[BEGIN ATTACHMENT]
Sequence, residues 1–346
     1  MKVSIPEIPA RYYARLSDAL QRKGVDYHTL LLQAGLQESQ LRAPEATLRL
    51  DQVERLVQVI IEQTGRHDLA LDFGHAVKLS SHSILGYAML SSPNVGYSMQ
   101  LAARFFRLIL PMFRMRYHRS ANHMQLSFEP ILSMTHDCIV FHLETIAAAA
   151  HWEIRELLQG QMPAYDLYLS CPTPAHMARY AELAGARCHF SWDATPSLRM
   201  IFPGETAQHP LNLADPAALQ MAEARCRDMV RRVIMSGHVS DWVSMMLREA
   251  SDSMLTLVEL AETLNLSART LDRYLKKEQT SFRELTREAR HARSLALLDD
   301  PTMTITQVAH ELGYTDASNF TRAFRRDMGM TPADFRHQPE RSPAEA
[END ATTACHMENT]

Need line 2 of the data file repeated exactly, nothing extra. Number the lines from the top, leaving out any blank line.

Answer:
     1  MKVSIPEIPA RYYARLSDAL QRKGVDYHTL LLQAGLQESQ LRAPEATLRL